4 thoughts on “Homeschooling High School, Part 1

  1. We’ll start homeschooling high school in August with my son. While I have recurring bouts of anxiety, I’m also excited about the possibilities and the flexibility. Thanks for mentioning this subject along with your experiences. It really helps to hear from those who have “been there, done that.”

  2. Thanks again for your blog. I love it! I’ll be doing high school soon, and so this topic has really been in the forefront of my mind. Would you be willing to share your plan of classes, or did you just follow your local high school requirements? I’ve got my local list, but in my state I’m pretty free to do what I want. But I’m a planner, so I’m starting to formulate my plan. 🙂 Thanks again, for the time you put into this blog! God bless!

  3. We are about to graduate our first of seven who have never been to school. We are extrememly casual about schooling and I admit I was very nervous when my eldest took the all-important SAT the first time, but she scored an 800 on the verbal section and a respectable 610 in math. She is a studious type, but prone to spend all day reading classic novels rather than doing math or science. She read reams of classic literature and plodded through math books, though only halfway through Algebra II. She took a few community college courses, did Constitutional Law online with Michael Farris and used Apologia Science books. We have never tested or graded, and other than choosing her books with her at the beginning of the year and providing some guidance as to what she should cover that year, I have pretty much left her on her own to learn how to learn.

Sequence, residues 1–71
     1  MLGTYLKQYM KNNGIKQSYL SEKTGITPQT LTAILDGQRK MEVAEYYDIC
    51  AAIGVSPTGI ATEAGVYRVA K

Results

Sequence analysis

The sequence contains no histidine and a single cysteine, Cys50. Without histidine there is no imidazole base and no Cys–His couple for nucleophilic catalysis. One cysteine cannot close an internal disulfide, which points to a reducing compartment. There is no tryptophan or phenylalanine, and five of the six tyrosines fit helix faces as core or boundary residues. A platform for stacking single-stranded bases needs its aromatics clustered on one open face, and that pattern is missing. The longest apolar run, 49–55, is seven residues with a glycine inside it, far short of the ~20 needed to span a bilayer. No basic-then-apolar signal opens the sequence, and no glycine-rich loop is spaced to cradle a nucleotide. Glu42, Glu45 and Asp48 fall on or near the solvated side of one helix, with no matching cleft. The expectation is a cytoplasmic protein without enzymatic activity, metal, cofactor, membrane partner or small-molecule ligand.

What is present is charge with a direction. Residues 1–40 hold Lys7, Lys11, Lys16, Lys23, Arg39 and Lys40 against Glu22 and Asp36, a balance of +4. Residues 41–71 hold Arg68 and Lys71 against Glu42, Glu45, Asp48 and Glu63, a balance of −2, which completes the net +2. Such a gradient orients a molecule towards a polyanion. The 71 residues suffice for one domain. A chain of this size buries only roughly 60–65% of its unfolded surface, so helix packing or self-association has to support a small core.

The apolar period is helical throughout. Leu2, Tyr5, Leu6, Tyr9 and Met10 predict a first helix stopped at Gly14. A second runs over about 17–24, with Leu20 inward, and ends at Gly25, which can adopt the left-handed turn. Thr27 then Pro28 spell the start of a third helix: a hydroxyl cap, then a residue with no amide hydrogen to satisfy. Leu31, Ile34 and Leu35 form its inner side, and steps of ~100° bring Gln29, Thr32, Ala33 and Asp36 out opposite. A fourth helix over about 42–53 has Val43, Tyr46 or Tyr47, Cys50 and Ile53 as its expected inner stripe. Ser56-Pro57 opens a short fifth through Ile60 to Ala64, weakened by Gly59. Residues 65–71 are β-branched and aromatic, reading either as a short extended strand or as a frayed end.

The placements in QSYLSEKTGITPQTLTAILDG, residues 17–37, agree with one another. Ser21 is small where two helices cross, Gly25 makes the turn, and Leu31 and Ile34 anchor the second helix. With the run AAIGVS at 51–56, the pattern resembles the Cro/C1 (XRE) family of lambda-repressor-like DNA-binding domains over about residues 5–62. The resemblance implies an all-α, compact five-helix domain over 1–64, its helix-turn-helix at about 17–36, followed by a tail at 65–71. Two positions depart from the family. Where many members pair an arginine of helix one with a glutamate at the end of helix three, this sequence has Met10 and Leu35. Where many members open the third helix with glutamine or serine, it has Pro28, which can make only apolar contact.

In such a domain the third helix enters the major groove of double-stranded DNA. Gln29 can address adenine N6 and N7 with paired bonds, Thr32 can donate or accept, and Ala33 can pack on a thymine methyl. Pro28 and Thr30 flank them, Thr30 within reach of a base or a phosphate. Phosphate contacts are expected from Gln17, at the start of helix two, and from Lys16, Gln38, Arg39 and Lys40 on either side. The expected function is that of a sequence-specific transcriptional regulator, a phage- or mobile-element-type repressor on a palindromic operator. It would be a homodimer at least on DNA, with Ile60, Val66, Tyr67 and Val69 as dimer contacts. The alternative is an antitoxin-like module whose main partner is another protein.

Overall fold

She earned a decent scholarship at the college of her cohoice (though not nearly enough to bring the $28.000.00 price tag down to our level. . . ) but she has decided to do a missionary year in India before heading to college in order to have more time to devote herself wholly to God before she plunges into the rigors of college academics. We could not be more proud of her.

    My next child is a junior; just turned 17 yesterday. He was much less motivated his first year of high school, but got into a once a week class using David Quine’s Worldviews Curriculum and just blossomed. He has always been a natural in math, and has pretty much learned it on his own. That, plus Quine’s course (which is amazingly comprehensive) was the core of his curriculum. His first try at the SAT this spring his three tests were all in the 700’s, so I think he has taught himself well. He is taking six months of his senior year to do a DTS in New Zealand with YWAM. He hopes to attend Wheaton College and major in philosophy or political science.